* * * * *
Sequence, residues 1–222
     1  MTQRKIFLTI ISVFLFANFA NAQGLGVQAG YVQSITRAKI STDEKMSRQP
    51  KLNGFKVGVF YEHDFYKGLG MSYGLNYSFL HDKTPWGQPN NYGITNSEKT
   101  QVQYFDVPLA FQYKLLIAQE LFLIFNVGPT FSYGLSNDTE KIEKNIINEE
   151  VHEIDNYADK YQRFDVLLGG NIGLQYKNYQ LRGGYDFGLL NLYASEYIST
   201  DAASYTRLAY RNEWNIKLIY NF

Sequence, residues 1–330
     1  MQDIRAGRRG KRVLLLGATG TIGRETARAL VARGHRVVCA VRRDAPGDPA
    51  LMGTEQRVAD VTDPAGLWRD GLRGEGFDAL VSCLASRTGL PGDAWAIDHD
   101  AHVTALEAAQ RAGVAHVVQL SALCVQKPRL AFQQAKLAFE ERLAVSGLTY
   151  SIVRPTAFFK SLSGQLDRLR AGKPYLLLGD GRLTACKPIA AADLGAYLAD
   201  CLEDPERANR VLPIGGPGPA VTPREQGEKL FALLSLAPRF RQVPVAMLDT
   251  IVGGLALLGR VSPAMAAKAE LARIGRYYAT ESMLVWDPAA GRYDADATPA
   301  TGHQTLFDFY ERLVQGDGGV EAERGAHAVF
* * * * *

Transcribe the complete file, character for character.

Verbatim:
Sequence, residues 1–222
     1  MTQRKIFLTI ISVFLFANFA NAQGLGVQAG YVQSITRAKI STDEKMSRQP
    51  KLNGFKVGVF YEHDFYKGLG MSYGLNYSFL HDKTPWGQPN NYGITNSEKT
   101  QVQYFDVPLA FQYKLLIAQE LFLIFNVGPT FSYGLSNDTE KIEKNIINEE
   151  VHEIDNYADK YQRFDVLLGG NIGLQYKNYQ LRGGYDFGLL NLYASEYIST
   201  DAASYTRLAY RNEWNIKLIY NF

Sequence, residues 1–330
     1  MQDIRAGRRG KRVLLLGATG TIGRETARAL VARGHRVVCA VRRDAPGDPA
    51  LMGTEQRVAD VTDPAGLWRD GLRGEGFDAL VSCLASRTGL PGDAWAIDHD
   101  AHVTALEAAQ RAGVAHVVQL SALCVQKPRL AFQQAKLAFE ERLAVSGLTY
   151  SIVRPTAFFK SLSGQLDRLR AGKPYLLLGD GRLTACKPIA AADLGAYLAD
   201  CLEDPERANR VLPIGGPGPA VTPREQGEKL FALLSLAPRF RQVPVAMLDT
   251  IVGGLALLGR VSPAMAAKAE LARIGRYYAT ESMLVWDPAA GRYDADATPA
   301  TGHQTLFDFY ERLVQGDGGV EAERGAHAVF